Thursday, 15 October 2009


September made something good on the disappointing summer, with mostly dry weather and several lovely Indian summer days under strikingly blue skies. Why is it called “Indian summer”? The expression in German is Altweibersommer” (old women’s summer) which is associated with the spider webs that you find everywhere at this time in the mornings. It is said that "weiber" didn''t really mean women in old German, but rather "weave", or making a net or web.

October had some lovely days as well, and moderate rain so far. The last days were grey under fog, however.

I filled in the October gap in A Stitch a Day, one pattern has still to be done though. Doing this reminded me of my visit to Germany a year ago, and of the colourful autumn there with all sorts of yellows and reds and combinations of them in the leaves of trees in gardens, villages and forests, and in the vineyards. I realised once again that we don’t have this colourful ceremony preparing us for winter here.

Does the reason lie in the type of trees, or is it the dampness of air and ground that prevents it?

Anyway, I took the camera to catch some of the autumnal features around my place. Here is the path to the pasture, which is the most of a “leaf walk” I can get. Ash, willow and hawthorn leaves are collecting there. A faint yellow is the most of colour they show, quickly turning into brown.

I found the ewes already expecting my husband with the feed bucket. See how they ignore me this time? They took me as sign and promise that my husband would follow with the feed, looking behind me down the path where they expect him to appear. They had to wait a while longer. I was early.

Meanwhile I took this foggy picture of Dowra.

Along the path I had noticed earlier a pleasant smell as if emitted by flowers. I hadn’t realised first where it came from. I suppose not all people would recognise the flowers in the foreground here, appearing at an unusual time for shrubby plants:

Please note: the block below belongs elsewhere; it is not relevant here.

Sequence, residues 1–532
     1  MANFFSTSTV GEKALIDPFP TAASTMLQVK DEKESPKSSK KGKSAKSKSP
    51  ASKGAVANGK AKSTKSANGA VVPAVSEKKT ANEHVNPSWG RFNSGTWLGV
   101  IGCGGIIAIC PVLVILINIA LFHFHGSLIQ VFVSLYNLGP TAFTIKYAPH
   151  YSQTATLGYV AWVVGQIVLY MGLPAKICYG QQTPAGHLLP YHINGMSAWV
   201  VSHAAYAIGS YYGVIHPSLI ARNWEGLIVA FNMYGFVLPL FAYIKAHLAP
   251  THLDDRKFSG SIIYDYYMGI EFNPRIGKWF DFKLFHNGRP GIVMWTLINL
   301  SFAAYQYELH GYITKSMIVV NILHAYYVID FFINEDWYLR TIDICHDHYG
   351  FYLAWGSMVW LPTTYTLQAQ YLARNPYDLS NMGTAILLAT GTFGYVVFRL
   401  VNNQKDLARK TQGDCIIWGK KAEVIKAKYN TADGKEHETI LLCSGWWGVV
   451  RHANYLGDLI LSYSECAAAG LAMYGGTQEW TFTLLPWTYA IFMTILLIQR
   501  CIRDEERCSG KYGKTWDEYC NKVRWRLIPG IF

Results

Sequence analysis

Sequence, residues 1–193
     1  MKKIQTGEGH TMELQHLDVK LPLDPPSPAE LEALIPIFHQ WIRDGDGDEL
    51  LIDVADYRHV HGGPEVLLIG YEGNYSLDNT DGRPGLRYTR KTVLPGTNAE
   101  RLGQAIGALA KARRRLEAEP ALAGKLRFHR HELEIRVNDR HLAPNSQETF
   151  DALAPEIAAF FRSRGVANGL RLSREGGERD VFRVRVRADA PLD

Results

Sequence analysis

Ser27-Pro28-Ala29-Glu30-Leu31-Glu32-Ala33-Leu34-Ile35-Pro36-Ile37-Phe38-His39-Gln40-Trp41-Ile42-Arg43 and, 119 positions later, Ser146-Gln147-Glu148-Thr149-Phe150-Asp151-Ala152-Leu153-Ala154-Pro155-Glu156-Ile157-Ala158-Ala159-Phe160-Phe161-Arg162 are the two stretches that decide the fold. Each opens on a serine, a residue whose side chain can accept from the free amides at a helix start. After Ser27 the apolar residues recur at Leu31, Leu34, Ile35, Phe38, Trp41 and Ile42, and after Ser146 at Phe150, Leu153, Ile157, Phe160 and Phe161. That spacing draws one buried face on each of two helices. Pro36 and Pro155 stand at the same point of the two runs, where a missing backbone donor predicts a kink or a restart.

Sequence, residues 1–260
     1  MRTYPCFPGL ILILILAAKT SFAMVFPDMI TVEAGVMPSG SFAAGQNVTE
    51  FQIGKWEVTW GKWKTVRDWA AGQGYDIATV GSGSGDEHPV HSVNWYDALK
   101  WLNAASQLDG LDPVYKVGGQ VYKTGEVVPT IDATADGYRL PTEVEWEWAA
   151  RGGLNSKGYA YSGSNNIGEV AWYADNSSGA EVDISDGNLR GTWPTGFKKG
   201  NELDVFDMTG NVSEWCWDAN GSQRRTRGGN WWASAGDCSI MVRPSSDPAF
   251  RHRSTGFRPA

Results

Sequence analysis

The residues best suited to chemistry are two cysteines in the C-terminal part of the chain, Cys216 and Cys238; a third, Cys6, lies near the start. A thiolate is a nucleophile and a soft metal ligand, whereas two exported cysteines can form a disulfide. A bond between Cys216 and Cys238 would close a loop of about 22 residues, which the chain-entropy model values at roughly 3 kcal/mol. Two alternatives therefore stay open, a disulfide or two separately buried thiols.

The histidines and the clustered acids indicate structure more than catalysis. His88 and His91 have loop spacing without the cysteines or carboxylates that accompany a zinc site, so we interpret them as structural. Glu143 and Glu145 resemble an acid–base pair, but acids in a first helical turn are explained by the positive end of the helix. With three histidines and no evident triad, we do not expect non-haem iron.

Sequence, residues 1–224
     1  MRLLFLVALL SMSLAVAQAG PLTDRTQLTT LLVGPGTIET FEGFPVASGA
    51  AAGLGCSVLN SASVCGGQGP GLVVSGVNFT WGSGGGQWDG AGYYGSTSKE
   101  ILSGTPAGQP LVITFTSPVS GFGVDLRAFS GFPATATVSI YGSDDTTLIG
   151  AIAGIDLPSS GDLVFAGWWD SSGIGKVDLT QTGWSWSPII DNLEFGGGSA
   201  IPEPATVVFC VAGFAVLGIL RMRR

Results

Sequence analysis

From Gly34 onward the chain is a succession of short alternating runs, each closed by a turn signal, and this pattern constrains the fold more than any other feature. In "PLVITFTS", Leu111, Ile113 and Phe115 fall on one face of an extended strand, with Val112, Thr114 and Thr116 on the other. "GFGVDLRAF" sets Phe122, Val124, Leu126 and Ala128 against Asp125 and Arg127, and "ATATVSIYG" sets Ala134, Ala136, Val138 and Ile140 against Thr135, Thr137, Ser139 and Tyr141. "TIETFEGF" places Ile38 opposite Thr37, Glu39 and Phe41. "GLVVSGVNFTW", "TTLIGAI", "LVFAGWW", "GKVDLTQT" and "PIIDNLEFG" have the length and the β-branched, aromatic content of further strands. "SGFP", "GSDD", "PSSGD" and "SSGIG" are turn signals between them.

Yes, it was the smell of ivy flowers that my nose had detected. They are only found on old plants. The leaves of these don’t show the stereotype shape commonly associated with ivy. Sheep love ivy leaves. Sometimes I harvest ivy that grows up trees trunks for them, by tearing off the woody stem in the hope that it comes off with everything attached, and the mass of leaves higher up in the tree falling down on me eventually. It doesn’t always work, though. Sometimes the woody stem just breaks.

Red colour? I found it here in holly berries. I don’t know why they are associated with Christmas. Every time I looked for them for Christmas decoration in December they had disappeared.

Here is an autumnal scene in the corner of a field with red rose hips.

Red, orange and yellow are hidden under a shrub, displayed by the fruits of the Pitcher Plant. Fly catching must have been successful here in some instances.

I can’t remember where I read that opening up the flowers at flowering time and looking at what you see there, can forecast the whether and harvest for the year.

Japanese anemones are my autumn garden flowers. They keep flowering for a long time. I’m always amused by all their “bobbles”. The flower buds are bobbles, so are the ovaries and seed heads. See a collection here:

Bubbles, not bobbles, cover this delicate structure built in maidenhair spleenwort:

Water bubbles also embellish this necklace, which I found hanging from a bare branch of the wild rose, with beads.


  1. What a beautiful picture you tell of your surroundings. Its nice to see your sheep too - they have lovely handsome markings on their faces!
    I have noticed the ivy flowering also, and covered in buzzing insects too.

  2. I noticed the insects as well. And I feel I've never seen that amount of flowering ivy in other years.